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German Chemical Giant BASF to Close Factories Without Cheap Russian Gas

The world’s largest chemical company is closing a number of its factories, as the era of cheap Russian gas grinds to a halt amid a deterioration in the global economy.

BASF SE will cut 2,600 positions, about 2 percent of its global workforce, to save on operational costs, as the European Union’s biggest chemical firm is forced to deal without affordable Russian energy imports.

The Russian invasion of Ukraine caused natural gas prices to soar in Europe last year.

Currently, BASF proposes to use 65 percent Layoffs Germany will have a lot of administrative and research jobs.

According to Berlin government data the German chemical and pharmaceutical industries employ approximately 466,500 people and have a turnover exceeding $211 billion each year.

German-made products are an important part of the supply chain for automotive and other goods.

BASF Shuts Down Factories Due To Prohibited Energy Prices

The chemical giant announced on February 24 that it would close several factories in Germany including two ammonia plants. It will also close related fertilizer facilities. This will cause 700 job cuts at Ludwigshafen’s main facility.

“We are doing this because we believe in the future of the Ludwigshafen site, which is now in its 158th year,” said BASF CEO Martin Brudermüller in a statement, adding that the company remains committed to the site.

“We believe in the people who work here, and we believe in the region,” He said.

BASF will also terminate a share buyback program ahead of time, due to a decline in earnings, rising costs, and borrowing rates in Europe, along with economic uncertainty caused by the war in Ukraine.

Additionally, the firm laid out plans for cutting $211 million annually in costs.

BASF announced a loss of $7.7 billion for 2022 in relation to the Wintershall Dea energy project, following its decision to withdraw from Russia.

The company lost $1.46 billion in the year according to preliminary estimates. However, it was able to reduce the loss to $663 million today.

German Industry Struggles to Cope with Russian Gas

However, Brudermüller put much of the financial blame in Europe on overregulation, slow and bureaucratic permitting processes, and high costs for most production inputs.

“Europe’s competitiveness is increasingly suffering,” Brudermueller said. “High energy prices are now putting an additional burden on profitability and competitiveness in Europe.”

BASF’s energy bill jumped by $2.3 billion in the last year, despite a drop of 35 percent in consumption.

Last October, the German chemical company said it would cut its annual European costs by $530 million. This is because it doesn’t expect gas prices to recover to their pre-2022 levels.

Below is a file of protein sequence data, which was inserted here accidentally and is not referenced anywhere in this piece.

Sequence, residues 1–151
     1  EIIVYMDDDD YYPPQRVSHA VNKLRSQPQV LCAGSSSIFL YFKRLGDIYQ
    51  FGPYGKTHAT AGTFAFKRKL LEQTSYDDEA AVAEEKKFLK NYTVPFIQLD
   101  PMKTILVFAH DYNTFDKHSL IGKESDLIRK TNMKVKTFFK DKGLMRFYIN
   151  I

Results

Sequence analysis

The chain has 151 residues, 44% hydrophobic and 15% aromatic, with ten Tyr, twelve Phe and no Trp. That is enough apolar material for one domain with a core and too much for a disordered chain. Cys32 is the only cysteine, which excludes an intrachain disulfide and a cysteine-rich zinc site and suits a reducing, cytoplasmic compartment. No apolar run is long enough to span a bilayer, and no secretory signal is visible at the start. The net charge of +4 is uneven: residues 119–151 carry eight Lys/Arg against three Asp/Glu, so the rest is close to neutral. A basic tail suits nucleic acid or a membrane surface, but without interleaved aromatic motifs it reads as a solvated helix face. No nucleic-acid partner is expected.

Although gas prices have fallen from their peak last year, they are still well above what Germany’s industry can sustain. This is because manufacturing costs are higher in Germany than in the United States or East Asia.

Germany survived a mild winter and has gas storage tanks that are nearly full, but it is still vulnerable to energy rationing.

Europe’s largest economy switched to liquefied gas from Russian pipeline gas. But it also happens to be nearly four times as costly.

The eurozone’s energy prices have fallen to $53 per megawatt-hour from their peak of $360 per megawatt-hour last August, but they remain higher than historical averages.

European Manufacturers Seek Other Places to Invest

Like elsewhere in Europe, the rise of gas prices has made thousands of German jobs unaffordable and forced many companies to shift investment elsewhere.

According to a survey conducted by VCI Chemical Association in Germany, almost half of chemical companies said they would reduce their domestic investments due to rising energy costs.

BASF projects 2023 adjusted earnings before interest, taxes and taxes at $5.71 billion. This is in contrast to last year’s 12.5% decline to $7.3 million.

As the global economy continues to recover, the company expects market conditions in the second half the year to improve, especially in China.

BASF is one of several German companies that is expanding in China while Europe struggles to grow.

To meet China’s growing demand, the German chemical company is currently building a $10.58 billion new plastics engineering facility in China.

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